The U.S. military response to the January earthquake in Haiti was almost immediate.
Within hours, equipment, supplies and personnel began to arrive in Haiti to assist those affected by the earthquake and its aftershocks.
Many Air National Guard units and personnel were among the first to respond to the disaster.
For some, it was a matter of being in the right place at the right time. Air Force Staff Sgt. Oscar Trevino of the 190th Civil Engineering Squadron of the Kansas Air National Guard was with his unit in Guantanamo Bay, Cuba, as part of its two weeks of annual training.
“People said they felt the earthquake,” said Trevino. “I grew up in Southern California, and I didn’t feel anything. I just rolled over and went to bed. Sure enough, we found out the next day they had a massive earthquake over here.”
Trevino’s unit arrived here a week later.
“We waited for a week to get transportation,” he said. “Really, they needed us as soon as they could so we could get the camp going and get the other people housed.”
When Trevino first arrived in Haiti, service members were sleeping wherever space was available.
“The first week I slept on some lumber, because I didn’t want to sleep on the ground,” he said.
Building a tent city is a bit more involved than simply erecting a few tents. It means leveling ground and setting up living, shower and laundry areas.
“We initially brought in what is called a ’550 kit,’ which consists of tents and will house roughly 550 personnel,” said Trevino. “We were at the north end of the airport, and it was nothing but tall grass. And we came in with our heavy equipment and leveled the place. We put up tents and then our shower and laundry and built it up to as you see it today.”
These operations are all part of what a civil engineering squadron does.
“When we hit the ground in an expeditionary or contingency environment, our job is to set up a bare base,” said Air Force Lt. Col. Craig Bradford, commander of the 118th CES in Nashville, Tenn., and commander of the 24th Expeditionary CES in Port au Prince, Haiti. “So, if we have a water source and an airfield, we’ll come in and bring in all the material to build a tent city.”
But that still means hitting the ground running.
“We got here Jan. 29, and I haven’t had a day off since then,” said Bradford. “But we’ve been working hard to build a tent city for all the joint members in the task force.”
Members of Bradford’s squadron have been responsible for building more than a tent city. They worked on other projects around the airport and were directly involved with getting it re-opened to commercial traffic on Feb. 19.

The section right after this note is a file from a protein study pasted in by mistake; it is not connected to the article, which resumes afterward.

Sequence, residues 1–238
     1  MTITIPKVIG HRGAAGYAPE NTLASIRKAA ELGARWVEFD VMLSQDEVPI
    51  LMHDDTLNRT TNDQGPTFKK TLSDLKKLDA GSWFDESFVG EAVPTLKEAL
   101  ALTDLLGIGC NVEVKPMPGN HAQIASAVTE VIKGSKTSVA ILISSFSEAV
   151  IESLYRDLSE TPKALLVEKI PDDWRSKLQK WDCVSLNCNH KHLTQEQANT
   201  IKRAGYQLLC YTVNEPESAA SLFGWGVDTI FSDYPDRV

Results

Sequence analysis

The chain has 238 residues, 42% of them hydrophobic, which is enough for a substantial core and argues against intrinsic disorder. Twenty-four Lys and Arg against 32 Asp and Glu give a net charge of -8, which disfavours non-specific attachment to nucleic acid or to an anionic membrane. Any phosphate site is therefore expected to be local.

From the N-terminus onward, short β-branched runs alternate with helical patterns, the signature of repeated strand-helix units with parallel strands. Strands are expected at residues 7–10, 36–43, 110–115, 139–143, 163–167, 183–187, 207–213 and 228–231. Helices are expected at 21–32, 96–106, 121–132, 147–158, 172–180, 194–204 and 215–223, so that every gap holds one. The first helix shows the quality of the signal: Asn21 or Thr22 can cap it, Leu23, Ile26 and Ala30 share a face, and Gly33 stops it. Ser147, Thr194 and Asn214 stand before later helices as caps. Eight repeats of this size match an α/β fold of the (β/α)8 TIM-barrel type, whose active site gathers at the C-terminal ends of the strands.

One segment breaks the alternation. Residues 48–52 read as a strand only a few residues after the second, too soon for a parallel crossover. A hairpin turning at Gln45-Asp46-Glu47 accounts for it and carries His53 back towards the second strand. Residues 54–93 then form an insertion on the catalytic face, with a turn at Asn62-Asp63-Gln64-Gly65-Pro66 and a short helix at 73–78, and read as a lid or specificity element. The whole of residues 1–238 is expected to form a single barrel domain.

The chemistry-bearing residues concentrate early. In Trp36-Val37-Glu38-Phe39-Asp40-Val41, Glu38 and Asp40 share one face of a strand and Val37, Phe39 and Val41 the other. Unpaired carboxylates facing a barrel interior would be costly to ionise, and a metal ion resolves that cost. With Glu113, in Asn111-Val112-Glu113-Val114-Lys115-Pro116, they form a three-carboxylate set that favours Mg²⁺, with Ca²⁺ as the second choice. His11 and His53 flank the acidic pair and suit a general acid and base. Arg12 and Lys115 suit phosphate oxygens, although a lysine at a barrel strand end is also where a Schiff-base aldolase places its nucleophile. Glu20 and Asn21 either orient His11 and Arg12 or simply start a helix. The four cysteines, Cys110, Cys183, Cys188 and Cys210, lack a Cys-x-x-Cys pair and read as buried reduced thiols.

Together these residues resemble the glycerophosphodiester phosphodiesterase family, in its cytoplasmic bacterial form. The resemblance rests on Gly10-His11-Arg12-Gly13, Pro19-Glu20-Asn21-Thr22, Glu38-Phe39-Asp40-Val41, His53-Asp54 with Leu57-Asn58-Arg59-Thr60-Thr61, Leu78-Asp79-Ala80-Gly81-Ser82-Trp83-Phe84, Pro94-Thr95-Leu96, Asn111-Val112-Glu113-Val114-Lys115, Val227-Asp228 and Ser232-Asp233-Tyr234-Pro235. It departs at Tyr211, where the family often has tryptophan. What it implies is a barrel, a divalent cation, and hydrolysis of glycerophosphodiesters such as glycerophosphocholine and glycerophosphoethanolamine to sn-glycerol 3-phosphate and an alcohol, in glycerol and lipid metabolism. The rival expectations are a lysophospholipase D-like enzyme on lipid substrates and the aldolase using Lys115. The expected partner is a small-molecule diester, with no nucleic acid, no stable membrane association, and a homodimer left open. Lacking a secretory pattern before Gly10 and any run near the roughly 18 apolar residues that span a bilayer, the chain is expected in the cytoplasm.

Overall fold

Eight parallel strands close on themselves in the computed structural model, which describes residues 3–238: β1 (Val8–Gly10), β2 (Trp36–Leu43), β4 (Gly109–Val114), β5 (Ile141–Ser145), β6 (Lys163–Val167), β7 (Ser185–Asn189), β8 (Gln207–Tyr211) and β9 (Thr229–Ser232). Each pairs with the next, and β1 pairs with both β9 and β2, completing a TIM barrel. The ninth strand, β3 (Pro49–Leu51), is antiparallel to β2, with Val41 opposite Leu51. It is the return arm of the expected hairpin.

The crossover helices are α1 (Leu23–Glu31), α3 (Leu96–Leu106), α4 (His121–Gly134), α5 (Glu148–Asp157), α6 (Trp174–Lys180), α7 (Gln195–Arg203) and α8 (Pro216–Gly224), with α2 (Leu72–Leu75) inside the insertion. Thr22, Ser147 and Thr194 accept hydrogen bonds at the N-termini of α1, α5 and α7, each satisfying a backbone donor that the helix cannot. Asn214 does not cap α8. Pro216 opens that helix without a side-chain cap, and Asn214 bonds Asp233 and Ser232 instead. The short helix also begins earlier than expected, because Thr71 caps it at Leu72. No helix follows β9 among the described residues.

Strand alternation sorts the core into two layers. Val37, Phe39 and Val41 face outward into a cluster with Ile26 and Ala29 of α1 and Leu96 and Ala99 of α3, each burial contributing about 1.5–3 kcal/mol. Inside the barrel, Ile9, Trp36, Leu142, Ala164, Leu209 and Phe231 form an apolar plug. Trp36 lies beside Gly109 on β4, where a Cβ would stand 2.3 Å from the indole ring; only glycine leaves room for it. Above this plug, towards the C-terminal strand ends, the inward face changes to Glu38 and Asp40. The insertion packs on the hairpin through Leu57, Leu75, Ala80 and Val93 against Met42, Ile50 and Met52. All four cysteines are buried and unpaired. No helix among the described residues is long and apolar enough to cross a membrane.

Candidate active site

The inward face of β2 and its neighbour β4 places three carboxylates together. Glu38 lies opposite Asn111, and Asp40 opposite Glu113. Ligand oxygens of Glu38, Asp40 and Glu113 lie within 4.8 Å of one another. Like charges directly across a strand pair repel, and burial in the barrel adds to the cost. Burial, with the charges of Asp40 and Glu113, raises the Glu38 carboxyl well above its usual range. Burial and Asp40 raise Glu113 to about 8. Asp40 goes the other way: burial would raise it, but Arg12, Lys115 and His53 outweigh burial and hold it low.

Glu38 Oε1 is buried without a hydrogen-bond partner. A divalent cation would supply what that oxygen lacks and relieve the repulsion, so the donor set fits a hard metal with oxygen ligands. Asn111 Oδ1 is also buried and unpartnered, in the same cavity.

“We built a diversionary road around the airport, otherwise traffic would be worse than what it already is,” said Bradford. “We also fixed a water leak that was just outside the major terminal that was going to be used for the commercial re-opening. Without our work, that terminal would not have opened at all.”
They also fixed the landing lights on the runway.
“The airfield lighting has gone down multiple times while we’ve been here,” said Bradford. “The first night it happened, the president of Haiti couldn’t even make it in. They had to divert his flight to another Caribbean island and our folks stayed up until that system was working and ready to go and he landed in the morning.”
The squadron’s ability to get the airfield lights back up and operational came about, in part, because of the civilian backgrounds of many of the squadron members.
“From the civil engineering standpoint, most of our folks are craftsmen on the outside,” said Bradford. “They have the abilities and they are working in the crafts. They’re carpenters, they’re electricians. Those are some of the unique qualities that the active duty force doesn’t have that we bring in our squadron.”
Because many buildings within the city have been destroyed or damaged by the earthquake, local residents have been wary of returning to their homes or entering various structures, said Bradford.
So, the squadron provided structural assessments of those properties “to give people the warm and fuzzy that they can go back and live where they lived before and that’s just as important as providing food and water,” said Bradford.
Providing these services is what makes the mission worthwhile. “Morale has been fantastic,” said Bradford. “This is a different sort of mission than going to Iraq or Afghanistan. If the shops can afford to lose a few folks during the week, then we go ahead and send them out on a mission to help an orphanage or work in the clinic or wherever we can.”
And that’s all part of the squadron’s mission.
“There was a humanitarian mission before the earthquake and there will be one long after,” said Bradford. “At most, we can put a dent in it. We’re here to help as much as we can.”
Story by Staff Sgt. Jon Soucy